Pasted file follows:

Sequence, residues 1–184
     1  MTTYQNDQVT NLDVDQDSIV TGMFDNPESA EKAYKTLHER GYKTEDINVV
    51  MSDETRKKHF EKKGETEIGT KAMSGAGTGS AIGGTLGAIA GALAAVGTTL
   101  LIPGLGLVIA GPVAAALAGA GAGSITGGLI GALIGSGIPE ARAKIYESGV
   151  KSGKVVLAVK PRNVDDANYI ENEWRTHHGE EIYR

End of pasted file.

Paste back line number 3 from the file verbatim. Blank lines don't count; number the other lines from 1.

    51  MSDETRKKHF EKKGETEIGT KAMSGAGTGS AIGGTLGAIA GALAAVGTTL